The relationship between North Pacific sea ice and the Western Pacific (WP) pattern is examined using wintertime observational data between 1978 and 2008. Weekly averaged data are chosen to capture the characteristically short time scale of the WP. A clear relationship is found between the WP and sea ice concentrations in the Bering Sea, where the positive polarity of the WP is accompanied by increasing sea ice concentrations and the negative WP by decreasing sea ice concentrations. Sea ice concentrations in the Sea of Okhotsk, however, are shown to be largely insensitive to the strength of the WP. Feedback of Bering Sea sea ice concentrations onto the WP is tested by fitting weekly averaged observations to a vector autoregressive (VAR) model. Results from the VAR model indicate that feedback of Bering Sea sea ice onto the WP plays a significant role in the dynamics of the WP and that this feedback is positive; that is, WP-induced changes in Bering Sea sea ice concentrations help sustain existing WP conditions, thereby lengthening the time scale of variability of the WP.

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Yi-Hui Wang
and
Gudrun Magnusdottir

Abstract

Several studies have found an eastward shift in the northern node of the North Atlantic Oscillation (NAO) during the winters of 1978–97 compared to 1958–77. This study focuses on the connection between this shift of the northern node of the NAO and Rossby wave breaking (RWB) for the period 1958–97. It is found that the region of frequent cyclonic RWB underwent a northeastward shift at high latitudes in the latter 20-yr period. On a year-to-year basis, the cyclonic RWB region moves along a southwest–northeast (SW–NE)-directed axis. Both latitude and longitude of the winter maximum frequency of cyclonic RWB occurrence are positively correlated with the NAO index.

To investigate the role of location of cyclonic RWB in influencing the NAO pattern, the geographical location of frequent cyclonic RWB is divided into two subdomains located along the SW–NE axis, to the south (SW domain) and east (NE domain) of Greenland. Two composites are assembled as one cyclonic RWB occurrence is detected in one of the two subdomains in 6-hourly instantaneous data. The forcing of the mean flow due to cyclonic RWB within individual subdomains is found to be locally restricted to where the breaking occurs, which is usually near the jet exit region and far removed from the jet core. The difference in the jet between the NE and SW composites resembles the difference in the mean jet between the 1978–97 and 1958–77 periods, which suggests that the change in cyclonic RWB occurrence in the two subdomains is associated with the wobbling of the jet on the decadal time scale.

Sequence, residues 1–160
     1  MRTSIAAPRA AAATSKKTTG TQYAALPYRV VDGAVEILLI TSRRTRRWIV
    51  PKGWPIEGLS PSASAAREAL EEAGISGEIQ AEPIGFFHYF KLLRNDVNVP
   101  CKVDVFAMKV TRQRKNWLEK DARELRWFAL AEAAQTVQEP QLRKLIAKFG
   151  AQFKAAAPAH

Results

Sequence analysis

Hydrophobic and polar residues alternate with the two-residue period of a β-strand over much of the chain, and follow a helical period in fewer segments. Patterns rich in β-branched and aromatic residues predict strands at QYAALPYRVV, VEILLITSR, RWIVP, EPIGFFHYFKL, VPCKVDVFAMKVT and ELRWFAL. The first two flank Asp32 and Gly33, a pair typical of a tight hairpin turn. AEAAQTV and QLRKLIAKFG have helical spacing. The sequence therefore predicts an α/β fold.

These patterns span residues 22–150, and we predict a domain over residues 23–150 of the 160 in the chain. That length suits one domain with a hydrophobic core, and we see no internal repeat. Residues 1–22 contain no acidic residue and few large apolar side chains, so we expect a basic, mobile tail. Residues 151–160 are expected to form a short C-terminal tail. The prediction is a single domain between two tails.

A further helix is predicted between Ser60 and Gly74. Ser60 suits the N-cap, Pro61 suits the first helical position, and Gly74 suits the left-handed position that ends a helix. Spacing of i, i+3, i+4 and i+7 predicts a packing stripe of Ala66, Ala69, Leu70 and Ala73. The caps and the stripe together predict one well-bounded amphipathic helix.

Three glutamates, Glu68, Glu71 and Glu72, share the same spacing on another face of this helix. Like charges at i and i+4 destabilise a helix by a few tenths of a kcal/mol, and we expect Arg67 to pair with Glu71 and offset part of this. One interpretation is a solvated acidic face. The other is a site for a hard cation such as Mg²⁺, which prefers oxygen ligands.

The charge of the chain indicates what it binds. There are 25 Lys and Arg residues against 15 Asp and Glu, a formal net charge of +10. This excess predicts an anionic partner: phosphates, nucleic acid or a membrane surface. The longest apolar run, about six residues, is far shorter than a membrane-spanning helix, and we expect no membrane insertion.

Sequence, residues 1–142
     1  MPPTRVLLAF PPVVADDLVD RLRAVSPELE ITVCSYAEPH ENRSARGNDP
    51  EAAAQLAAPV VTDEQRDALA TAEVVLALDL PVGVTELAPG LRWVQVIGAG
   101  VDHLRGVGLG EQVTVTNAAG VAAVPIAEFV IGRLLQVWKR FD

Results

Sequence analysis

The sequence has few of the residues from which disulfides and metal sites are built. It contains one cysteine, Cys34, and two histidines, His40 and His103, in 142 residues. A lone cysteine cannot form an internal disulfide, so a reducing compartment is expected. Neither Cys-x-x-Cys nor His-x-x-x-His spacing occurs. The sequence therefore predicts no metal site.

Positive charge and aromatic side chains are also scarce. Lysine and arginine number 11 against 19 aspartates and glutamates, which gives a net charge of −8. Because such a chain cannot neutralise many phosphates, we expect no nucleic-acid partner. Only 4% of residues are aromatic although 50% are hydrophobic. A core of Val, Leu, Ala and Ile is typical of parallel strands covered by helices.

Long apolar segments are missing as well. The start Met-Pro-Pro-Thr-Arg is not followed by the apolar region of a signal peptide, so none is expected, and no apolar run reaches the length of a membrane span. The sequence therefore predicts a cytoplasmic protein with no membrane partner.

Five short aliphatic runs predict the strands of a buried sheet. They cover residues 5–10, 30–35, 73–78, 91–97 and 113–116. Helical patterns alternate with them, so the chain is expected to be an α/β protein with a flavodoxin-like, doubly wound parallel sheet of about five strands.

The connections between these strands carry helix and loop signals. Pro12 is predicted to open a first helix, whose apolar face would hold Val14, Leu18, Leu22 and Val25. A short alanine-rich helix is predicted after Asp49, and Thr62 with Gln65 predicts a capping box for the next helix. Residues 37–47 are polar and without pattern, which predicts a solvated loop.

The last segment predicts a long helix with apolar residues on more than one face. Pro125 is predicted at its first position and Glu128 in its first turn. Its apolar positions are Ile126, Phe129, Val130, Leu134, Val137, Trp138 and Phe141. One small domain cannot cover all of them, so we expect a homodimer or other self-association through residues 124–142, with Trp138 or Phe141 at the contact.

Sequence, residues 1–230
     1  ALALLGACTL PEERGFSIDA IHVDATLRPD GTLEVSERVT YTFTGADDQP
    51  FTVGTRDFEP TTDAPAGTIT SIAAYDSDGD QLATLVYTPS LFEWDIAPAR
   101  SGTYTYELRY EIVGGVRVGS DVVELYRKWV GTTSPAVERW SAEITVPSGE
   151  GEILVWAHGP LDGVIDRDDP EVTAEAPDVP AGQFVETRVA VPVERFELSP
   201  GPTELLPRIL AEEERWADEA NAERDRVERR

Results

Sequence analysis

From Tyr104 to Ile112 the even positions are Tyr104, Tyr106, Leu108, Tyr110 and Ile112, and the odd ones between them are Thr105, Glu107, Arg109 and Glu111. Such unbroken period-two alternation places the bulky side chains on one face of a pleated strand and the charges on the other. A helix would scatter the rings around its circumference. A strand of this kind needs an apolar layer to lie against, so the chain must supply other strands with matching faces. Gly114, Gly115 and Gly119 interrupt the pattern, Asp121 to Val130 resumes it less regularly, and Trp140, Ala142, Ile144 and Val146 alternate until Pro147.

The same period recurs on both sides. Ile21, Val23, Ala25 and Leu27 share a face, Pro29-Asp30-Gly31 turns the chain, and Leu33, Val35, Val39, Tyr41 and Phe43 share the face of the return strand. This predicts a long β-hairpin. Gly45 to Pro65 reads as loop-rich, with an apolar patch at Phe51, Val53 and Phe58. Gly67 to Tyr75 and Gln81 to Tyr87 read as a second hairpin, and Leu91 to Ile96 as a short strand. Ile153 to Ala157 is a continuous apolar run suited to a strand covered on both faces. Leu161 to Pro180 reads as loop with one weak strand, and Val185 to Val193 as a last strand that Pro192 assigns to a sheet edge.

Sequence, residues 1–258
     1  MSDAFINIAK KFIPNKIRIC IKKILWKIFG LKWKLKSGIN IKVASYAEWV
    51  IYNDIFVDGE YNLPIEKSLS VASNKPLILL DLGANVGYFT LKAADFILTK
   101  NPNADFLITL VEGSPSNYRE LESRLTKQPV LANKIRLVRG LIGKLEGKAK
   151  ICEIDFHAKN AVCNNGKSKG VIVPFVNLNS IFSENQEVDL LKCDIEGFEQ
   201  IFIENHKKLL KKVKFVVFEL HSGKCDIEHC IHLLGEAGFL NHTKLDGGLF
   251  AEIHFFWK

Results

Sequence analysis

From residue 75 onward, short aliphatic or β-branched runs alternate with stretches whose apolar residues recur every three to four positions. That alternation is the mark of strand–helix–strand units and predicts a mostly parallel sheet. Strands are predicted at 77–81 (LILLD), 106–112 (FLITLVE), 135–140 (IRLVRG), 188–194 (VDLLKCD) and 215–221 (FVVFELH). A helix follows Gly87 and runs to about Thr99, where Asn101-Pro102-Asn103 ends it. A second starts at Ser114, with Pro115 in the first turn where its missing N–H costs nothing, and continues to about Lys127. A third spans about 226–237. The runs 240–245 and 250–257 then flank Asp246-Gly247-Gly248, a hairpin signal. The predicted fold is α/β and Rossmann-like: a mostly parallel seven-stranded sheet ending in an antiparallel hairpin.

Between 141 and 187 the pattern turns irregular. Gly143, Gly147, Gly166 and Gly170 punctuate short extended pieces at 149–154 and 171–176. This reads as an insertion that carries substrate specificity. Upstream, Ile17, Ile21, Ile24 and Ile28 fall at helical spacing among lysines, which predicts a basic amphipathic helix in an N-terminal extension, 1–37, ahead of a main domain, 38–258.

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Ashley E. Payne
and
Gudrun Magnusdottir

Abstract

A large-scale analysis of landfalling atmospheric rivers (ARs) along the west coast of North America and their association with the upper-tropospheric flow is performed for the extended winter (November–March) for the years 1979–2011 using Modern-Era Retrospective Analysis for Research and Applications (MERRA) reanalysis data. The climatology, relationship to the El Niño–Southern Oscillation and the Madden–Julian oscillation, and upper-level characteristics of approximately 750 landfalling ARs are presented based on the 85th percentile of peak daily moisture flux. AR occurrence along the West Coast is dominated by early season events. In composites of upper-level fields during AR occurrences, certain characteristics stand out irrespective of the tropical climate indices. This suggests that extratropical dynamical processes play a key role in AR dynamics.

The influence of the large-scale circulation on AR intensity prior to landfall is examined by objectively selecting an extreme subset of 112 landfalling AR dates representing the 95th percentile of strongest cases. Each landfalling AR date that is identified is traced backward in time using a novel semiautomated tracking algorithm based on spatially and temporally connected organized features in integrated moisture transport. Composites of dynamical fields following the eastward progression of ARs show a close relationship of the location of the jet, Rossby wave propagation, and anticyclonic Rossby wave breaking in the upper troposphere of the eastern Pacific and moisture transport in the lower troposphere. Comparison between the strongest and the weakest ARs within the most extreme subset shows differences in both the intensity of moisture transport and the scale and development of anticyclonic Rossby wave breaking in the eastern Pacific.

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Yi-Hui Wang
and
Gudrun Magnusdottir

Abstract

An objective analysis of tropospheric anticyclonic- and cyclonic-breaking Rossby waves is performed for the Southern Hemisphere in austral summer (December–February) of 1979–2009. The climatology of both anticyclonic and cyclonic Rossby wave breaking (RWB) frequency is presented. The frequency of anticyclonic RWB is highest in an extended region of the Eastern Hemisphere on the anticyclonic side of the jet, while that of cyclonic RWB is highest on the cyclonic side of the jet. A composite analysis of anticyclonic and cyclonic RWB shows how they contribute to a positive and negative southern annual mode (SAM) index, respectively. The time series of austral summer anticyclonic RWB occurrence has a trend that closely matches the trend in the SAM index.